own case in ITA No. 6227/Del/2012, this issue is decided in
favour of the assessee."
                                13                 ITA No.1817/Del/2015


15.   In view of what has been discussed above, we are of the

considered view that idle capacity from the total expenditure

incurred by the taxpayer while determining ALP is required to be

excluded as has been held by the coordinate Bench of the Tribunal

in Transwitch India Pvt. Ltd. vs. DCIT (2012) 53 SOT 151

(Delhi) and SITEL India (P) Ltd. vs. ACIT (2013) 55 SOT 541

(Mumbai).

16.   Since the taxpayer has come up with complete detail of idle

hours of its work force in order to claim the idle capacity

adjustment to be excluded from the total expenditure incurred

while determining the ALP, as discussed in the preceding paras,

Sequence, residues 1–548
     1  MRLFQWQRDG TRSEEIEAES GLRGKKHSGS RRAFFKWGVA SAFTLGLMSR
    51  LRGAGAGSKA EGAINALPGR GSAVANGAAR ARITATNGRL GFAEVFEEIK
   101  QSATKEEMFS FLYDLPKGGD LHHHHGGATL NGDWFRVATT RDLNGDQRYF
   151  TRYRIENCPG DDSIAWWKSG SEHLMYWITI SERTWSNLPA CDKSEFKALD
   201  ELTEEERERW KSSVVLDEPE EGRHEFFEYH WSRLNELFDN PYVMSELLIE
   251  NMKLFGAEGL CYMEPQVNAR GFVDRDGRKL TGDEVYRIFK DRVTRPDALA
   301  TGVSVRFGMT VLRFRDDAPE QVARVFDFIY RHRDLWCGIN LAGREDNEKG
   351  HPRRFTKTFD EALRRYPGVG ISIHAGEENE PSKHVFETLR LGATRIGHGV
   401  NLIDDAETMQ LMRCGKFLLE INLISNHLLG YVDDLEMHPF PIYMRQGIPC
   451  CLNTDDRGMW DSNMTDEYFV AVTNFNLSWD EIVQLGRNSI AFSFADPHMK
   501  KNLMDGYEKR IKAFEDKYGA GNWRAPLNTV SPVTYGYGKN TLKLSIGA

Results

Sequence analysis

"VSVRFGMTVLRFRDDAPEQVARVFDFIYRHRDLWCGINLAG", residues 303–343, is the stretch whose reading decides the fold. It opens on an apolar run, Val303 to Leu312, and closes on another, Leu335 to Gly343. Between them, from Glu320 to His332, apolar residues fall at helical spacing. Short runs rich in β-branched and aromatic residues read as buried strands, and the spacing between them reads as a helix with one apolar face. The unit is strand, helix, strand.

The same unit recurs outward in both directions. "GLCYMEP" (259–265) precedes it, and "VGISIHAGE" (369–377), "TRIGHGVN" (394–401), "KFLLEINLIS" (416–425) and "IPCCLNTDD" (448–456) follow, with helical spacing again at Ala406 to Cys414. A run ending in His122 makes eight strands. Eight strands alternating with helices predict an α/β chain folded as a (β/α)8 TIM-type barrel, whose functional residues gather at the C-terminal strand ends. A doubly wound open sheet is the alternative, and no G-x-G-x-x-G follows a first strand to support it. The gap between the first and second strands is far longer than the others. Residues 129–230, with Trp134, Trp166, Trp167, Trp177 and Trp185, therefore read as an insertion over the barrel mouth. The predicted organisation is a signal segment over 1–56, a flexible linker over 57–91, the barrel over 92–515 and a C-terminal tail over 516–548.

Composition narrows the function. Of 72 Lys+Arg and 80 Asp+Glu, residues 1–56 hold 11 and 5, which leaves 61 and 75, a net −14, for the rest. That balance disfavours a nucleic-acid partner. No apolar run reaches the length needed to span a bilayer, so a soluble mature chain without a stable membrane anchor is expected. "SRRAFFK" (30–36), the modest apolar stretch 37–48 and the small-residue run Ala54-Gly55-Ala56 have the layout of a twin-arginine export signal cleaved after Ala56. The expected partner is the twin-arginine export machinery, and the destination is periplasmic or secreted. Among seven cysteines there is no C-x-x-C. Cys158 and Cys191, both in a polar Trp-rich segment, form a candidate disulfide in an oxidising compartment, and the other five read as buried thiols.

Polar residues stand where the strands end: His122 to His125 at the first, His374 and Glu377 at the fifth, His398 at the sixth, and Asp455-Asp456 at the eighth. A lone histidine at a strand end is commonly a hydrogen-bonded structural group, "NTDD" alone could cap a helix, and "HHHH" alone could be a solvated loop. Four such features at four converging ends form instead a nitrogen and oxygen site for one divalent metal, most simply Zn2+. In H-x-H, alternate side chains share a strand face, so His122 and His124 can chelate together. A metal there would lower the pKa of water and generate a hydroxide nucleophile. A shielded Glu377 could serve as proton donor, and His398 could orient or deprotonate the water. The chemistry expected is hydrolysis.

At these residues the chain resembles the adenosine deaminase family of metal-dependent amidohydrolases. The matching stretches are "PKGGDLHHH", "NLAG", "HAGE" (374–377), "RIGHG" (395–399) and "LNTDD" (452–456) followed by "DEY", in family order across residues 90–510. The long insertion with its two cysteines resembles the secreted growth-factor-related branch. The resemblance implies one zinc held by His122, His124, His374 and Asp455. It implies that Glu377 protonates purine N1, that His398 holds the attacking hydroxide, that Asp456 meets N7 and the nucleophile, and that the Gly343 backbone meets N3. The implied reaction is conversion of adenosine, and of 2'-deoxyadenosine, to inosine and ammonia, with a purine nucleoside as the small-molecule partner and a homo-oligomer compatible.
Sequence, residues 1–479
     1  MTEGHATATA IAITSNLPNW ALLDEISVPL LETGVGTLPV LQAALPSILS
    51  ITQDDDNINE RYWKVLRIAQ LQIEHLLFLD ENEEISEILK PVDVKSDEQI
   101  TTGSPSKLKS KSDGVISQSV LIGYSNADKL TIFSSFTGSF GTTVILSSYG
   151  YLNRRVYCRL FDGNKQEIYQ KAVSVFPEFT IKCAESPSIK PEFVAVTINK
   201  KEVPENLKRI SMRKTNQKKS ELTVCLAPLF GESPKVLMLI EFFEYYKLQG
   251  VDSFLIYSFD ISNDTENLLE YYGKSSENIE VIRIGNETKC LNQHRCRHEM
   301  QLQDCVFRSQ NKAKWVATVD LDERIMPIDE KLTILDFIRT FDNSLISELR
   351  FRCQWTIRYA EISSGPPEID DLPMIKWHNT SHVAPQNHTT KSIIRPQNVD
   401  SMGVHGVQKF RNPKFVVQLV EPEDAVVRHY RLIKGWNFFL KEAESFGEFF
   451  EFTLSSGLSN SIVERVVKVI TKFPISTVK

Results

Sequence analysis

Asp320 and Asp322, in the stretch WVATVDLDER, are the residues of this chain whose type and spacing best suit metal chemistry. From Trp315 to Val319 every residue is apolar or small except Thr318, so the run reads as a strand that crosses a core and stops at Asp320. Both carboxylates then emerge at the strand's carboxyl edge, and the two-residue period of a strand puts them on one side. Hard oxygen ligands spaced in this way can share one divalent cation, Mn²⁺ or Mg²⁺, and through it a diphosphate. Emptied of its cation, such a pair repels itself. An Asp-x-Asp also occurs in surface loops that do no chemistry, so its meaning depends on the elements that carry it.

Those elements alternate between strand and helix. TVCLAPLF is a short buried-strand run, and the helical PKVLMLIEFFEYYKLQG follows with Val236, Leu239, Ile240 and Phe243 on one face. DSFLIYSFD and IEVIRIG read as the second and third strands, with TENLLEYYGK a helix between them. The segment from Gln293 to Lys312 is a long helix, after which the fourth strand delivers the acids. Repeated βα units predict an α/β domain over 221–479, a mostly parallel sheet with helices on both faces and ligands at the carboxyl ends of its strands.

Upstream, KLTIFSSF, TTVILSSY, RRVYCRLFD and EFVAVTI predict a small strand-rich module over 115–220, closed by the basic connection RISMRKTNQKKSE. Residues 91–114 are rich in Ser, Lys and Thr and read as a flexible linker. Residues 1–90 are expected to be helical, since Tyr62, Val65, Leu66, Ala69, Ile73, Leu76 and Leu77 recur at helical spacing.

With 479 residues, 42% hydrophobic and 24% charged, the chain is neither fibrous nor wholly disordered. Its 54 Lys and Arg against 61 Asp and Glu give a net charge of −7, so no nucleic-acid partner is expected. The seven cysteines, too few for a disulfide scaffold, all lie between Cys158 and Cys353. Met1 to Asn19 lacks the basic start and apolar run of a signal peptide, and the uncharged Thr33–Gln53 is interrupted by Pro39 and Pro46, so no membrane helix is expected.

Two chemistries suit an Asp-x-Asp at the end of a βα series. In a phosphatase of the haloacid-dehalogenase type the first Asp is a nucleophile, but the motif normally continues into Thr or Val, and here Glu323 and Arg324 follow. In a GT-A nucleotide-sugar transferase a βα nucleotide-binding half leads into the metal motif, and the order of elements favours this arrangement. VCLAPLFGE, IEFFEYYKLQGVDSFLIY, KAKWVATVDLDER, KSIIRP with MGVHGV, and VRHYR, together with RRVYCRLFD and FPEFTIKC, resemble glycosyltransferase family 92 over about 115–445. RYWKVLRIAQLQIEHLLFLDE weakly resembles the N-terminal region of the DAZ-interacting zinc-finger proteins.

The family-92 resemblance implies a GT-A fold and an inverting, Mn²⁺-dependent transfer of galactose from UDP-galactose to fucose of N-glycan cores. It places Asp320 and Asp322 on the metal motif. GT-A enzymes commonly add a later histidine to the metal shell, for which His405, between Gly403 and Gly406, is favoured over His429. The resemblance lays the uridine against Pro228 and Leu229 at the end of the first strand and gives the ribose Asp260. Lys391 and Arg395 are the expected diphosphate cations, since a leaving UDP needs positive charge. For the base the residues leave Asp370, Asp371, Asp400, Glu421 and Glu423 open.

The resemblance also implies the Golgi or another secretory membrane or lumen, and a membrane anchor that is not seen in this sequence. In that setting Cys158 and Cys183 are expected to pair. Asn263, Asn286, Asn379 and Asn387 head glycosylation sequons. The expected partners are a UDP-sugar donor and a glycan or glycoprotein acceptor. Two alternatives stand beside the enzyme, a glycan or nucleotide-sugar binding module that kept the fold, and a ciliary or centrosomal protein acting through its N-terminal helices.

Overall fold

but the same has not been examined by the ld. TPO/DRP, so we are

of the considered view that the issue is required to be set aside to

the ld. TPO to decide afresh after due verifications of the details

given by the taxpayer qua idle capacity adjustments in the light of

the decisions rendered by the coordinate Bench of the Tribunal in

taxpayer's own case for AY 2008-09 and 2009-10 and in view of

the decision rendered by the coordinate Bench of the Tribunal in

Transwitch India Pvt. Ltd. vs. DCIT (2012) 53 SOT 151 (Delhi)

and SITEL India (P) Ltd. vs. ACIT (2013) 55 SOT 541 (Mumbai).

So, ground no.8 is decided in favour of the taxpayer for statistical

purposes.
                                14                ITA No.1817/Del/2015



GROUNDS NO.2, 3, 4, 5 & 7

17.   Without prejudice, the taxpayer sought exclusion of six

comparable companies viz. Engineers India Ltd., Rites Ltd.,

HSCC (India) Ltd., Mahindra Consulting Engineers Ltd., Tata

Consulting Engineers Ltd. and Kitco Ltd. to benchmark the

international transactions qua provision of design and engineering

services along with supervisory support services and supply of

equipment & material to AE. So, we would examine the suitability

of all the aforesaid comparables vis-à-vis the taxpayer one by one

as under.

ENGINEERS INDIA LTD. (EIL)